• The most attractive part of traveling in South East Asia is DEFINITELY the hotel pricing!
  • You can get amazing rooms at very good prices, and if you prefer to optimise your costs well, you can opt for a good BnB or a family-run hotel for as low as USD 15 or INR 1,000 a night.
  • There are a huge number of hostels in Siem Reap, catering to travellers who are on shoe-string budgets, so its not hard to find one that suits your needs.
  • We came across a beautiful 3-star hotel called the Mudra Angkor Boutique Hotel. The price ranges between INR 1,300 to INR 3,000 a night - which is excellent value, considering they have air-conditioning, a nice pool, fast WiFi and a scrumptious breakfast spread. And they have the kindest staff, ever!


3. Activities:

  • The Angkor temples can be visited over as many days as you want. We suggest that you devote atlas two to three days for a fruitful experience!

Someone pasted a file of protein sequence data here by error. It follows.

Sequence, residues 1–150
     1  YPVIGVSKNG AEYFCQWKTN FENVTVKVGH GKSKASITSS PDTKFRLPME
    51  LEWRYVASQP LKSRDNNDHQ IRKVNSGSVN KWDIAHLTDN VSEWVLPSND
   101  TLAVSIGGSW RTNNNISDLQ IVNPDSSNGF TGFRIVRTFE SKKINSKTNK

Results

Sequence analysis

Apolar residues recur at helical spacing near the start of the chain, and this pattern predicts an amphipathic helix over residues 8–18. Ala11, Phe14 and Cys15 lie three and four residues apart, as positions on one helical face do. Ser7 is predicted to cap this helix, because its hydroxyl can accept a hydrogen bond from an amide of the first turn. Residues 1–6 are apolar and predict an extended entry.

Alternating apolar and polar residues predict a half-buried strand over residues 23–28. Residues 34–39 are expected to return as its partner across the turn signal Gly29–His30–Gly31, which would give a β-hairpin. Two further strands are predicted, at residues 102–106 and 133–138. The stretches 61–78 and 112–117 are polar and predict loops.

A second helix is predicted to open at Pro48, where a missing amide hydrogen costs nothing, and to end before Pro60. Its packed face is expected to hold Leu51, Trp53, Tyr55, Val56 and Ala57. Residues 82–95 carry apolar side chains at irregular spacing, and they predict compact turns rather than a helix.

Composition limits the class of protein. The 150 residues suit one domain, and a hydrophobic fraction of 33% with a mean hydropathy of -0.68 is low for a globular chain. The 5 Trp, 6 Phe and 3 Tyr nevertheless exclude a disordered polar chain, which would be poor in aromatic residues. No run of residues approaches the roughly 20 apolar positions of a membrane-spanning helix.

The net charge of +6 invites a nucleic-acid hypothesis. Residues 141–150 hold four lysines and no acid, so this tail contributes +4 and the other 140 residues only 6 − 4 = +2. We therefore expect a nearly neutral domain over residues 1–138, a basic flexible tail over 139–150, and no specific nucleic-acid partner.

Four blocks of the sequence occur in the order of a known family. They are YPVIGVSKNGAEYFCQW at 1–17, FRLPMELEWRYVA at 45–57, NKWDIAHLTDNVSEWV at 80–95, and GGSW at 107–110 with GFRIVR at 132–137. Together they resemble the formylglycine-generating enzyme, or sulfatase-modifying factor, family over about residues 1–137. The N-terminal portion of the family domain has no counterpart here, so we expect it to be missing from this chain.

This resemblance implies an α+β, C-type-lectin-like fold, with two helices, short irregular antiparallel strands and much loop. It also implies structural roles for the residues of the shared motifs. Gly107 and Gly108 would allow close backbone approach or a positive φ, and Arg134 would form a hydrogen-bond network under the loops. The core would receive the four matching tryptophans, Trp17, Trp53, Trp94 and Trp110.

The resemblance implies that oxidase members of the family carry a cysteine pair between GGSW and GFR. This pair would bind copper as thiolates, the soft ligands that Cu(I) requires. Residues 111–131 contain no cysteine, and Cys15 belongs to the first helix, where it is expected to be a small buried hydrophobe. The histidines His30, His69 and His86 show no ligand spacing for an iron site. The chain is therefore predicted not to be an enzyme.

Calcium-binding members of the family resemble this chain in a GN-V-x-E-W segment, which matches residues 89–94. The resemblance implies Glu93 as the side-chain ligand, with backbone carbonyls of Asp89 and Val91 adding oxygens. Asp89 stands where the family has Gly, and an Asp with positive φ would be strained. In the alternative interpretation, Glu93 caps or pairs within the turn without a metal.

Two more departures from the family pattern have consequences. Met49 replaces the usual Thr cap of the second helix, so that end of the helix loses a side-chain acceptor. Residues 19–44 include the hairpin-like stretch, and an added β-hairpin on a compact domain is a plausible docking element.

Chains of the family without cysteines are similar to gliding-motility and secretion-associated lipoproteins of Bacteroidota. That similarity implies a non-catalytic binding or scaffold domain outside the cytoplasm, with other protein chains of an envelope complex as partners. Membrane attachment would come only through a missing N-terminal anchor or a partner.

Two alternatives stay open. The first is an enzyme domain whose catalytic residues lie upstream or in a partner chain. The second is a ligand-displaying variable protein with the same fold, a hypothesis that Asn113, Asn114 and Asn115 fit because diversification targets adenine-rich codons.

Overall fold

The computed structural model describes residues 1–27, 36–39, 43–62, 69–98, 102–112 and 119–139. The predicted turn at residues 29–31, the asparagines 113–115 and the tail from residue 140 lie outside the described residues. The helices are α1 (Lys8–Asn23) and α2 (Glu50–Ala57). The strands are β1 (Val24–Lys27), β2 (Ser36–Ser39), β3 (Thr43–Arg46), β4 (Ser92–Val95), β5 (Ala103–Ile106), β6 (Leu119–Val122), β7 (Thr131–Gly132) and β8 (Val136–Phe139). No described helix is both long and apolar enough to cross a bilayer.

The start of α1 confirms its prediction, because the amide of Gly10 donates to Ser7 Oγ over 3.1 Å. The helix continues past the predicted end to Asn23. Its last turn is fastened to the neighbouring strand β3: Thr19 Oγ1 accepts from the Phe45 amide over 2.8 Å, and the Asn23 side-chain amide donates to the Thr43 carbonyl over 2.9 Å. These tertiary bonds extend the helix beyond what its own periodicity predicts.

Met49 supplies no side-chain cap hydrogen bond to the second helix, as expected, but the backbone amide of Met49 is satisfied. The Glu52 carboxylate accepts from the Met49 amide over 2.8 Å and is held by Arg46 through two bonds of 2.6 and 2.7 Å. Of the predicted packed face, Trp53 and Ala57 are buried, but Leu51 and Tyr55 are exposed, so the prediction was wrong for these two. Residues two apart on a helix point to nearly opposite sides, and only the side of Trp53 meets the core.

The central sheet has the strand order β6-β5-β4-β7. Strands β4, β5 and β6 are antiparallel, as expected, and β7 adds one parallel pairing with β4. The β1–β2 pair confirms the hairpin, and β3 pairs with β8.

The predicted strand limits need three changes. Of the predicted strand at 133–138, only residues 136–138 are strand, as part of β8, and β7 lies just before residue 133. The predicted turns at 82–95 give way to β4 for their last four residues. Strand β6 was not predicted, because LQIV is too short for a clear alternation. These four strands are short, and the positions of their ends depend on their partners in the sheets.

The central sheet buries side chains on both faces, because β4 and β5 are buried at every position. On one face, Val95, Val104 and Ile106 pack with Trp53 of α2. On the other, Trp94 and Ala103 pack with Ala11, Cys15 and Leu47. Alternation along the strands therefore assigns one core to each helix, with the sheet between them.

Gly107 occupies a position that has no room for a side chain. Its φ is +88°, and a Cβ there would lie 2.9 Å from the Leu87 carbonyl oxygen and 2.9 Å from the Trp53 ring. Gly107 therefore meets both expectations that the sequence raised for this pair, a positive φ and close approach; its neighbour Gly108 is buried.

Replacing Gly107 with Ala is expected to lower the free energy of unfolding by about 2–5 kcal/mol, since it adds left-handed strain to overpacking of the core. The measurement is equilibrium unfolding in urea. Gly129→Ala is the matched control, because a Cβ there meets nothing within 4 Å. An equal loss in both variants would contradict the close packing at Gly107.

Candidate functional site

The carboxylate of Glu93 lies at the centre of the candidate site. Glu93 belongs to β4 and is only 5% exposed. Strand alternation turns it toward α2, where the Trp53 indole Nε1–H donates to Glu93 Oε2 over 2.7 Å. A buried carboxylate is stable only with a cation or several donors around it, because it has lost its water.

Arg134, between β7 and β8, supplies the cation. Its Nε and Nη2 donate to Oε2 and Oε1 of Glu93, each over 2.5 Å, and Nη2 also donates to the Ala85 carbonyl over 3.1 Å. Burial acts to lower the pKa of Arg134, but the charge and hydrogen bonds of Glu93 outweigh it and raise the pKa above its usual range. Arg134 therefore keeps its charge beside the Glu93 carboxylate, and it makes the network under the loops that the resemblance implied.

• Most hotels offer packages to visit the Angkor temples. Every tuktuk that you will find on the street also has day-trip itineraries for you to pick from.


The tourist scene at the magnificent Bayon temple


  • Predominantly the day-trips are of these types:
    • Small circuit - this one covers the Angkor Wat, the Angkor Thom (including Bayon, Baphuon and the terraces), the Ta Prohm, the Phnom Bakheng and the Prasat Kravan (a tiny jungle temple).
    • Big/Grand circuit - In addition to the temples in the small circuit, you can also visit the Preah Khan temple, Neak Pean, Ta Som, East Mebon and the temple of Pre Rup.
    • For an additional charge, the temple of Banteay Srei can also be added to the grand circuit!